>Re-Post: Memory

>(Note: The Common Man originally wrote this back in May of 2009, but it’s still applicable.  Happy Memorial Day to our nation’s veterans, and TCM hopes you spare a moment to think about those who have protected our Constitution, our country, and our lives over the years.)

Understandably, when Memorial Day rolls around every year, baseball fans think of the Ted Williamses, Cecil Travises, and Bob Fellers, stars who saw combat in World War II and risked their lives for the United States and their fellow soldiers. These men are genuine heroes, and any amount of praise and attention they get will not be enough. That said, their heroism and service tends to overshadow the contributions of other ballplayers in other wars both because of the epic nature of the larger struggle and their legendary status as players. Here are a few of those players:

John Titus (OF, 1903-1913, Spanish-American War)

Titus was one of the best hitters on a decent string of Philadelphia Phillies teams in the early 20th century. Playing the outfield corners, Titus hit .282/.373/.385 in the Deadball Era, good for a 127 OPS+. At the time, Titus was probably one of the 15 most valuable hitters in the league. His mustache (he was supposedly the last man in the league to sport a handlebar mustache) was in the top five all by itself. Titus was considered a veteran of the Spanish-American War in 1898, in which the United States gained control of Cuba, Guam, the Philippines, and Puerto Rico.

Gabby Street (C, 1904-1905, 1908-1912, 1931, Spanish-American War, World War I)

Street was Walter Johnson’s personal catcher for four years in Washington. While doing little to distinguish himself as a player, he famously caught a ball dropped from the Washington Monument as a publicity stunt (people have always been easy to impress) and appeared as a pinch hitter at the ripe age of 48. Street also managed the Gas House Cardinals for three and two-thirds seasons from 1930-1933, finishing with two pennants and a World Championship and a .563 winning percentage in the National League.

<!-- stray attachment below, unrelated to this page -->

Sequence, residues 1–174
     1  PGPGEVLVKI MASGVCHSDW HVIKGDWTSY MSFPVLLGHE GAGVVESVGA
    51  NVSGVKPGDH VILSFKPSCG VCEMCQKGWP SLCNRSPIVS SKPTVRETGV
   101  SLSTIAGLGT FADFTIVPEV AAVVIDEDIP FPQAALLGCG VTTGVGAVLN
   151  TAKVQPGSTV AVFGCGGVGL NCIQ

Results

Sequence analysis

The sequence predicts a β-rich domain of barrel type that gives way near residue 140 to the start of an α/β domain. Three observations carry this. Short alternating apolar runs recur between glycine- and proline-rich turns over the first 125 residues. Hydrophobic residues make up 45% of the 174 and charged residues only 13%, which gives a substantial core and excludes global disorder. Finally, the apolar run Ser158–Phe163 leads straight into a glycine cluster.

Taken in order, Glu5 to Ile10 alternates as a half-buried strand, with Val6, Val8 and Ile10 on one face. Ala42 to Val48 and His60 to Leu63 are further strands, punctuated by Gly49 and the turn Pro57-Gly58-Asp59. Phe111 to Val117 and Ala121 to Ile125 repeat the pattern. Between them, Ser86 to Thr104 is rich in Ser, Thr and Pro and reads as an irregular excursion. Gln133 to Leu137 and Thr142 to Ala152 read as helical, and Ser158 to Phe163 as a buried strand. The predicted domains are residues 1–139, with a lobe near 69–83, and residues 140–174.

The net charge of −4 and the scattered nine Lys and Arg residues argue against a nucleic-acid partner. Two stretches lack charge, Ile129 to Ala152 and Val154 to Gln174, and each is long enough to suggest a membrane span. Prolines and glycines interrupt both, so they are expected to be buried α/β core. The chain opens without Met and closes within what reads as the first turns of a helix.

Sammy Strang (IF, 1896, 1900-1908, Spanish-American War, World War I)

Strang was a minor star for the Giants and the Dodgers in the first decade of the 20th century. After a solid rookie year for the Giants in 1901, he jumped to the new Chicago White Sox, but jumped back to the National League before the end of the season. Released by the Chicago Orphans, he signed as a free agent with Brooklyn, before becoming John McGraw’s supersub from 1905 through 1907. He led the National League with a .423 OBP in 1906 and managed a career OPS+ of 113. Bill James estimates that Strang was the smallest player of the 1900s, weighing in at around 120 pounds. Despite his leprechan-like size, Strang served as an infantry captain in World War I.

Eddie Grant (3B, 1905, 1907-1915, World War I)

Grant was a defense-first 3B for the Phillies, Reds, and Giants, back before 3B primarily became an offensive position. Grant was a relatively light hitter, posting an OBP above .300 in just four of his nine full seasons, and a SLG above .300 just three times.
(not to disparage our fine fighting men, but Grant could easily have been included in our discussion of ugly players a few weeks back)

Grant was Harvard-educated, and would go on to practice law after his playing career finished. Grant became the first former major leaguer to enlist in the Army after the war broke out in 1917 (though Hank Gowdy joined before the war started), became a Captain in the 307th infantry regiment, and was sent to France. During the Meuse-Argonne offensive, the last Allied push of the war, Grant’s company was sent forward to help rescue a “lost” battalion behind German lines. Grant’s commanding officer was killed and Grant became the new C.O. Soon thereafter, Grant was also struck by mortar shells and was killed instantly. He was the first former major leaguer killed in wartime action. The Giants memorialized Eddie with a monument in deep centerfield, and placed a wreath there every Memorial Day and Veteran’s Day. Sadly, the Grant memorial was destroyed by careless fans who pillaged the Polo Grounds following New York’s final home game in 1957.

Al Bumbry (CF, 1972-1985, Vietnam War)

Bumbry was drafted in the 11th round in the 1968 amateur draft. In 1973, he won the Rookie of the Year award when he hit .337/.398/.500 and led the American League in triples for the AL East champion Orioles. From 1969 through 1971, however, Bumbry was drafted and serving as a platoon leader in Vietnam, where he won a Bronze Star. Despite the late start to his career, Bumbry played 13 years for the Orioles and one for the Padres, and hit .281/.343/.378 for his career (104 OPS+), with 254 SB while playing a pretty decent centerfield. He never really approached the heights that that first season suggested, but Bumbry was a very good player for a long time, and a war hero to boot.

Garry Maddox (CF, 1972-1986, Vietnam War)

As good as Bumbry was, Maddox seemed to consistently do him one better. In ’68, Maddox was drafted in the 2nd round by the Giants, but was drafted by Uncle Sam and sent to Vietnam from 1969-1970. While Maddox became known primarily for his exceptional defense, a close second was his excellent and bushy beard, which helped Philadelphia fans differentiate him from Greg Luzinski. Indeed, the beard was and is iconic, but also necessary. While in Vietnam, exposure to chemicals made his skin extremely sensitive, and he used the beard to protect himself. For his career, Maddox hit .285/.320/.413 (100 OPS+) for the Giants and Phillies while providing the best defense in the National League.

Quantcast